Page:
An F-I/O DB is the built-in dedicated data block that is used by the safety PLC to store related data of the safety module. See picture 2.
As you can see from picture 2, each safety module has a lot of internal parameters and configurations related to the monitoring and redundancy of the module, and each safety module will have a data block or a DB. To store these data inside. See picture 3.
As you can see from picture 3, the DB of the safety input module, has a lot of parameters inside, these parameters provide all data related to the safety module.
Some of the important parameters of an F-I/O DB:
- PASS_ON: this input bit will activate a passivation of the related module if it was set to 1.
- ACK_REI: you can use this input bit to manually acknowledge the passivation of the related module, meaning if you set this bit to 1, the passivated module will be acknowledged for reintegration.
- PASS_OUT: this output bit will be TRUE if the related module is passivated.
- DIAG: This is an output WORD that is used to store diagnostics data, if there is a fault in the module, this will take a value related to this fault, then you can refer to the help tables to find out what this fault means.
Methods of Reintegration
For example, if one of the safety input modules F-DI was taken out of the power rail, the safety PLC will pick up this fault and stop the process until the safety input module is put back into its place, but even then the process will not start until you acknowledge the F-DI for reintegration as we mentioned before.
If an F-I/O fault is detected by the F-I/O, the passivation of the relevant F-I/O will occur. Once the F-I/O fault or channel fault has been eliminated, reintegration of the relevant F-I/O should be done. You can assign a reintegration by user acknowledgment either two way.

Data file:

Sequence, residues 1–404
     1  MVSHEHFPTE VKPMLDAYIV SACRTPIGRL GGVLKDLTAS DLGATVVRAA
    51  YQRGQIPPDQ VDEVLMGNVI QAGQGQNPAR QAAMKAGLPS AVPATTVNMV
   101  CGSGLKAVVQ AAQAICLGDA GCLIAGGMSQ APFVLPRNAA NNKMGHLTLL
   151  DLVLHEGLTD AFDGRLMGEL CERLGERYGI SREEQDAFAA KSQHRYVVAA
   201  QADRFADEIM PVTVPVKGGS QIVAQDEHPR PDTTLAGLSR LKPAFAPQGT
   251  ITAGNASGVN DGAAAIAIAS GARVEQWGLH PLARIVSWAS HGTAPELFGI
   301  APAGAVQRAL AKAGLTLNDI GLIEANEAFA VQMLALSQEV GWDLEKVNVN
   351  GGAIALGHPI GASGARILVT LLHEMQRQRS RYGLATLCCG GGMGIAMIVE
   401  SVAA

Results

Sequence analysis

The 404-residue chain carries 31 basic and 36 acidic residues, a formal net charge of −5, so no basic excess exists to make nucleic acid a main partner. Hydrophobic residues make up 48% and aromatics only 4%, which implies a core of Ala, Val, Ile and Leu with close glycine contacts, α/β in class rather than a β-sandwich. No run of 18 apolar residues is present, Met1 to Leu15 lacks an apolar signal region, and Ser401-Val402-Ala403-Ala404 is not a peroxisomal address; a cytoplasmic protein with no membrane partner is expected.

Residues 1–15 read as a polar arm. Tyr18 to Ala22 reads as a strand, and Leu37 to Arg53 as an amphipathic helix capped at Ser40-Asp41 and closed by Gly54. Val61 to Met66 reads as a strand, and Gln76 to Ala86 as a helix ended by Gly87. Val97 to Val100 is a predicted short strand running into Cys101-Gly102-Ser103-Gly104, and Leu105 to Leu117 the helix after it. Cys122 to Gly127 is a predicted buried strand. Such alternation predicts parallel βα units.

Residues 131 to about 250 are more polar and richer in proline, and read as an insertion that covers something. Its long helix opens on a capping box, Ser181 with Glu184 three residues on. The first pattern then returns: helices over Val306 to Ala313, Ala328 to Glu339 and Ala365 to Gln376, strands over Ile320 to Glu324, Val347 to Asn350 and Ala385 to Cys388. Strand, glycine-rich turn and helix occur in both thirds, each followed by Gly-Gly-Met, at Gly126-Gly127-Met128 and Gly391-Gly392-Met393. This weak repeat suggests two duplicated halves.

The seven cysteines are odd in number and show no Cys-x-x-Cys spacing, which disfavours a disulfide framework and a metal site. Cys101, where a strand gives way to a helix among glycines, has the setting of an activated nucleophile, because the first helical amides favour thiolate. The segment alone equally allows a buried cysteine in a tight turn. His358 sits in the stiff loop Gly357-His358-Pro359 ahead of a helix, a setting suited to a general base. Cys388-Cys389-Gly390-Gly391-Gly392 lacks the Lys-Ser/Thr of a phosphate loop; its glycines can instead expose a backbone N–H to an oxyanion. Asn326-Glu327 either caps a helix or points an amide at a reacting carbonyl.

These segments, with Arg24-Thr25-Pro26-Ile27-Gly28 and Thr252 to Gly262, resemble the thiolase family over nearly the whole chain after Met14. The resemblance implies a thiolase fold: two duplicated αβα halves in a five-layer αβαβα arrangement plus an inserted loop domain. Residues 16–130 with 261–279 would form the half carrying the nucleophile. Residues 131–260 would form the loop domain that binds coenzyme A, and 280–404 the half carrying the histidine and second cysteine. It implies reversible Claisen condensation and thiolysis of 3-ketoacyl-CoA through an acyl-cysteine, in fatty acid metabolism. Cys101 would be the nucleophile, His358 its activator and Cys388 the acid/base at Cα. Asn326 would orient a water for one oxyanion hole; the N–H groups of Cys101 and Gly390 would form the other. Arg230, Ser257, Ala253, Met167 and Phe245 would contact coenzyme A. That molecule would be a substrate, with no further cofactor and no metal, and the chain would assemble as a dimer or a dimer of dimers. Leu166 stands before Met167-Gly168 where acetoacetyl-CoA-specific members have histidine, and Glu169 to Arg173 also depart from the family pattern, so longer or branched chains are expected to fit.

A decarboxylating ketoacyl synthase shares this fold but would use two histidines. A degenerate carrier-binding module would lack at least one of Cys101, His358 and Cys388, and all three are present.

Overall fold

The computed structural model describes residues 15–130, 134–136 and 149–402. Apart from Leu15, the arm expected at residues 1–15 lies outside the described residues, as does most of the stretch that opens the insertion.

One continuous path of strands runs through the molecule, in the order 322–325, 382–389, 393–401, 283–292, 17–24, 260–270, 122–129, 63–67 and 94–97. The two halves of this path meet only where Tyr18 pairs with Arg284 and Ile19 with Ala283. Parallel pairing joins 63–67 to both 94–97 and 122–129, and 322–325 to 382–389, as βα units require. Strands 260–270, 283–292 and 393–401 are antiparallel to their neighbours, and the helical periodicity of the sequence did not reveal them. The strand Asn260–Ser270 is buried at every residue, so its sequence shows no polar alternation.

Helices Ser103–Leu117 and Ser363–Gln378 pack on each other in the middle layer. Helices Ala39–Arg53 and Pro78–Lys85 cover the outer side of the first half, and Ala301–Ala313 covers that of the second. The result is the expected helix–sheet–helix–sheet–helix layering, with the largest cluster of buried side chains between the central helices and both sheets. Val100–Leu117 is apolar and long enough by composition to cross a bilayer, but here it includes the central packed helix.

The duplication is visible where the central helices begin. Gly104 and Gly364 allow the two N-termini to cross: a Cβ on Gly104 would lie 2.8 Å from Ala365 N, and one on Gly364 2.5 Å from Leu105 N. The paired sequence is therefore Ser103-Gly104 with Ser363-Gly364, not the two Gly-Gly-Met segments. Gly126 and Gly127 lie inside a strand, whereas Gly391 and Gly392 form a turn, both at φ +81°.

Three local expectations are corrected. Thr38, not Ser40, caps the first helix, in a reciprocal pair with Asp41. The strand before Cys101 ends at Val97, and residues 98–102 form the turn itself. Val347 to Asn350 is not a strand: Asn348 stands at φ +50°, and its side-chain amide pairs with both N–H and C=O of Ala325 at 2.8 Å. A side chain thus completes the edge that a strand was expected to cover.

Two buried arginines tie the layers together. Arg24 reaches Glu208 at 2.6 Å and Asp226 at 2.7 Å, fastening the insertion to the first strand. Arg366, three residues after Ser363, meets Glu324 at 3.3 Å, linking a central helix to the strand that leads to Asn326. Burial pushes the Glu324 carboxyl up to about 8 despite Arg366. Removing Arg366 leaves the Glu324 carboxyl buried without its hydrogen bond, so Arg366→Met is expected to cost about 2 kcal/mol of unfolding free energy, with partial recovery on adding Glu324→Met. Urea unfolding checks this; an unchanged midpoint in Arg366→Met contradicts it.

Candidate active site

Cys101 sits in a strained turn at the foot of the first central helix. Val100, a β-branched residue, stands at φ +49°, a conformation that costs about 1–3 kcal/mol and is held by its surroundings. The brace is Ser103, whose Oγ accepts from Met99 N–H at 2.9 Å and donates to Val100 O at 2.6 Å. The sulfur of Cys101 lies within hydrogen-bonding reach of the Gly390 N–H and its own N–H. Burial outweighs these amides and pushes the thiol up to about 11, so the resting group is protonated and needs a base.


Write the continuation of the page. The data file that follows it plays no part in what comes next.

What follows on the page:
- Reintegrate each F-I/O separately:
As we said before, we can use the ACK_REI bit of the related safety module to separately reintegrate this module when it is passivated.
If passivation has occurred, you will need to a rising edge trigger with the ACK_REI bit after you clear the module fault. See picture 4.
- Globally reintegrate all safety modules F-I/O at the same time:
The ACK_GL or Global acknowledgment instruction creates an acknowledgment for the simultaneous reintegration of all F-I/O or channels of the F-I/O of an F-runtime group after communication errors, F-I/O errors, or channel faults. So you wouldn’t have to separately reintegrate each module. See picture 5.
- An acknowledgment via the ACK_GL instruction is only possible if the tag ACK_REI of the F-I/O DB = 0. Accordingly, an acknowledgment via the tag ACK_REI of the F-I/O DB is only possible if the input ACK_GLOB of the instruction = 0.
- ACK_GL cannot be used to acknowledge other common safety functions like ESTOP or SFDOOR, for these instructions the ACK_GL will not be useful. You will have to acknowledge these instructions by giving a rising edge at the ACK bit as shown in picture 1.
- You can use the same bit to acknowledge safety modules separately, to set the ACK_GL, or to acknowledge other safety functions like ESTOP or SFDOOR, check the previous picture, you will see that we used %I15.0 for all acknowledgments.
Download the Safety PLC logic in PDF and the source code in the TIA portal.
P.S. password for the safety PLC code is 123
Safety PLCs provide many safety functions that are built in to ensure the safe operation of your process while considering all safety issues employed by the standards.
You can program all these safety functions using a normal PLC, but your code will be so large that you might miss some details, also, a normal PLC will not provide the internal monitoring and diagnoses that the Safety PLC provides.
Of these safety functions, there is global acknowledgment. It is very simple to use, but very important and critical for the safety of your process. And it mainly depends on the great monitoring and diagnosis capabilities of the safety PLCs.